What we can't investigate
The Cyber Report team can only investigate complaints about offensive and illegal online material.
If someone is in immediate danger, call Triple Zero (000) now.
Online child sexual exploitation, including online grooming and inappropriate contact, should be reported to the Australian Federal Police-led Australian Centre to Counter Child Exploitation (ACCCE). If you are concerned about the possibility that your child is at risk, or you know of a child possibly at risk, act on it.
The ACCCE uses the internationally recognised Virtual Global Taskforce (VGT) logo and report abuse button to support VGT’s delivery of a coordinated international law enforcement response to online child sexual abuse. Make a report to the AFP at thinkuknow.org.au/report
Reports can also be made in confidence to Crime Stoppers on 1800 333 000 or at crimestoppers.com.au.
Grooming and procuring of children over the internet are crimes that are investigated by the police. Online child sexual exploitation, including online grooming and inappropriate contact, should be reported to the Australian Federal Police-led Australian Centre to Counter Child Exploitation. If you are concerned about the possibility that your child is at risk, or you know of a child possibly at risk, act on it.
Cyberbullying and harassment
If an Australian child has been the target of serious cyberbullying you can make a cyberbullying complaint to eSafety. Reports about serious cyberbullying affecting an Australian child can be made by the child, their parent or guardian, or a responsible person under the Enhancing Online Safety Act 2015 (Cth).
If you are an adult who is the target of serious online bullying, harassment or threats, read our advice on how to take control in cases of cyber abuse.
If the bullying and harassment is occurring on social media, many social media sites encourage users to report inappropriate activity. Once notified, moderators may take action. You can find online safety advice and reporting links in the eSafety Guide.
If you are concerned about cybercrime, you can find more information, including about how to report, at www.cyber.gov.au. Cybercrime includes computer hacking, malicious software, phishing, identity theft, online scams, and fraud.
We recommend you seek independent legal advice if you have concerns about defamation. You may be able to contact the administrators of the website and request that the content be removed. Once notified, website administrators may take action.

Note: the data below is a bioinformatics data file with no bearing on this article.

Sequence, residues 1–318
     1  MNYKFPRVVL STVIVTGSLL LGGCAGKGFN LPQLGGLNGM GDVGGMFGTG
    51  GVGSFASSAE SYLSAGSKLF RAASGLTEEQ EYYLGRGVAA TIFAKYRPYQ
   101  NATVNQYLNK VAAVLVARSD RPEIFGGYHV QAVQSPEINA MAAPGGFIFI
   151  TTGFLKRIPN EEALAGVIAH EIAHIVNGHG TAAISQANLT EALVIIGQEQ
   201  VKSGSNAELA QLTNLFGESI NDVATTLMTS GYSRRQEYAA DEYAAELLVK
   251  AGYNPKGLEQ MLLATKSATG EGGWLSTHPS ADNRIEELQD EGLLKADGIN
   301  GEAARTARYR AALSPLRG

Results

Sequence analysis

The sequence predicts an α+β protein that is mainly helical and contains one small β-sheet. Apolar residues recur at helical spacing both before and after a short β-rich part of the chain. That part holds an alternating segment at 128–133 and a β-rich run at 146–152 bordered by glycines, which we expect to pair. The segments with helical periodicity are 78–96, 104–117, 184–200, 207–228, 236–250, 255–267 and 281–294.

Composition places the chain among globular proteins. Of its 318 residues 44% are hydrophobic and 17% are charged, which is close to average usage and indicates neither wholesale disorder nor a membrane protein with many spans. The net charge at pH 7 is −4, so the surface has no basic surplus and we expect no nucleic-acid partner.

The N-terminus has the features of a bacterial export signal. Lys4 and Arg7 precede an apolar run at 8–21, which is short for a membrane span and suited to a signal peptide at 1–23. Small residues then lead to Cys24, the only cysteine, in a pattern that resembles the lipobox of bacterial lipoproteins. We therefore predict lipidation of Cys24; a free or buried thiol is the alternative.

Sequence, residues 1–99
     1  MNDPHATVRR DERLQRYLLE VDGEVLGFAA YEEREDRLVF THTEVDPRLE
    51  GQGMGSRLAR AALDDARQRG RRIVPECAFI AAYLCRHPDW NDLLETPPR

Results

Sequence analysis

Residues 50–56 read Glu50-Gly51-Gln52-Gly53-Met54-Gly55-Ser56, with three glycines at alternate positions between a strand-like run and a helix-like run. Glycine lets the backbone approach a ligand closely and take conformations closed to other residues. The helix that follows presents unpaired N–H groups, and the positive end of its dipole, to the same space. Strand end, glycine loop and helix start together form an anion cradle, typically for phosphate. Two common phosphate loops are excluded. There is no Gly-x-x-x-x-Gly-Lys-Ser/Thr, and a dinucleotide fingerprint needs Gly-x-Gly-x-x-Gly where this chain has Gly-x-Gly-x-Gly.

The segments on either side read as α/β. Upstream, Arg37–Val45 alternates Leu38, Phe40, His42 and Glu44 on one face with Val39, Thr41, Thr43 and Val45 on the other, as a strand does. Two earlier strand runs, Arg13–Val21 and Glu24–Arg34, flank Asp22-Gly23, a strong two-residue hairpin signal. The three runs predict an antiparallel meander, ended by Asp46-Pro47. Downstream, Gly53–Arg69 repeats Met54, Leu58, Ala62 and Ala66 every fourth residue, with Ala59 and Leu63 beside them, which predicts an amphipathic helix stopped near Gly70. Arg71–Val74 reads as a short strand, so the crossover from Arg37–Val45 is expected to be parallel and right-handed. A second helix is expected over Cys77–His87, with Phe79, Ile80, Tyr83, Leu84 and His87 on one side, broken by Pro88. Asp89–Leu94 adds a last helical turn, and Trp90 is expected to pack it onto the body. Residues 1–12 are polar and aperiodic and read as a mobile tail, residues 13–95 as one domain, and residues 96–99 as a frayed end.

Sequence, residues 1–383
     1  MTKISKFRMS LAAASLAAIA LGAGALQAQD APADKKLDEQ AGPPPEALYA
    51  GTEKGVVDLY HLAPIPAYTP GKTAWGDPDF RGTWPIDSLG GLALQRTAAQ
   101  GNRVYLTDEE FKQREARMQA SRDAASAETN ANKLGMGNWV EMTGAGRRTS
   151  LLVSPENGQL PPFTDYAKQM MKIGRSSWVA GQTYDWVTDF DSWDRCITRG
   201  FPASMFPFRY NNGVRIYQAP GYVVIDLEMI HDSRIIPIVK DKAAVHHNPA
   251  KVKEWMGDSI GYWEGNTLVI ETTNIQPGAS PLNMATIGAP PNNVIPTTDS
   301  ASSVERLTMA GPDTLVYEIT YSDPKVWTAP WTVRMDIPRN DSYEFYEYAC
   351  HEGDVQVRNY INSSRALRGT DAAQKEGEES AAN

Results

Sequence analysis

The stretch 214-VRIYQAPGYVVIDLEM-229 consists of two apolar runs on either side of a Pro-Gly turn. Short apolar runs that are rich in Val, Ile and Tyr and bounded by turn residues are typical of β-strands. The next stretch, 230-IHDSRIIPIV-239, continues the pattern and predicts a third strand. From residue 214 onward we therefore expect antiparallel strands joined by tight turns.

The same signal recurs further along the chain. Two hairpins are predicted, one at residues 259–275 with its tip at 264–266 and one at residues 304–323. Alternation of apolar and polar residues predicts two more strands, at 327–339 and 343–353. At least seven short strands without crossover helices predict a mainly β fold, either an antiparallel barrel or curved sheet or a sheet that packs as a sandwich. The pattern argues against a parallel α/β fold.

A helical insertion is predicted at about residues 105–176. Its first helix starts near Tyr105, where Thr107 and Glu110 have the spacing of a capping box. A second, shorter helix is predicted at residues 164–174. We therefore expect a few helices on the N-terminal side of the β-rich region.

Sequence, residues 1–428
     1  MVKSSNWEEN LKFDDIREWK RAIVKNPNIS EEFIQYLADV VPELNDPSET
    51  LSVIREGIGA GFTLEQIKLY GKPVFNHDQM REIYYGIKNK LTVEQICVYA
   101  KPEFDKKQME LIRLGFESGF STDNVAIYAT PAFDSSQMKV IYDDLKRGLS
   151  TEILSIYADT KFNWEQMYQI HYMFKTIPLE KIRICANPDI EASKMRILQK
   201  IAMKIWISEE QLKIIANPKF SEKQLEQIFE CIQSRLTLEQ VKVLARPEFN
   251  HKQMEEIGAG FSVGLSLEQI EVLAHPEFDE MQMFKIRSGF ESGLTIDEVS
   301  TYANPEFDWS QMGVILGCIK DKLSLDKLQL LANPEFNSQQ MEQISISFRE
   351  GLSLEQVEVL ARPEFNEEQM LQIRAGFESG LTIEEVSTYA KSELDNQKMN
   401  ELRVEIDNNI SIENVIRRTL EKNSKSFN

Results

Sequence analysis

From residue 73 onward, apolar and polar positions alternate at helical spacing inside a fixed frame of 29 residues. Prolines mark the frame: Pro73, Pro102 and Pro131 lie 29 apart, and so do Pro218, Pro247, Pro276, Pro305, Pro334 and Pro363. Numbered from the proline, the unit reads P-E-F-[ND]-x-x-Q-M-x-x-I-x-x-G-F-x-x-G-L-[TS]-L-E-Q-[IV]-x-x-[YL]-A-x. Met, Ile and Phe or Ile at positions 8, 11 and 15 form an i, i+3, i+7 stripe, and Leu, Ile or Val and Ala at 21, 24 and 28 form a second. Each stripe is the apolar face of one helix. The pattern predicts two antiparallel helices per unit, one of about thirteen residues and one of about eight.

You can report online scams to SCAMwatch, which provides information about how to recognise, avoid and report online scams. If fraudulent, incorrect, inaccurate or misleading online content seems to have originated from an Australian business, contact the Fair Trading organisation in your state or territory. These are listed on the SCAMwatch website.
Complaints about the mishandling of personal details by a Commonwealth or ACT government agency, or a private sector organisation can be made to the Office of the Australian Information Commissioner. You may be able to contact the administrators of the website and request that the content be removed. Once notified, website administrators may take action.
If your personal safety is at risk please contact your local police. If you are in immediate danger call Triple Zero (000).
Racism and discrimination
We don’t generally investigate online discrimination. But if you are under 18 and experiencing racism or discrimination as part of cyberbullying, you can make a cyberbullying complaint to eSafety. If you are 18 and over and experiencing racism or discrimination as part of online abuse and harassment, read our advice on how to deal with adult cyber abuse.
The Australian Human Rights Commission investigates complaints of discrimination, harassment and bullying based on a person’s sex, disability, race or age. Find out more on their complaint information page.
If your personal safety is at risk, please contact your local police. If you are in immediate danger call Triple Zero (000).
You may also wish to seek independent legal advice to determine other avenues of action.
You can report spam received by junk email, instant message, text or image-based mobile phone message via the Australian Communications and Media Authority’s spam complaint form.
If you believe certain online content infringes your intellectual property rights or copyright law, consider seeking independent legal advice to determine the appropriate legal options available to you.
If you have concerns about the copyright theft of a film or television program, you can report the matter to the Australian Screen Association.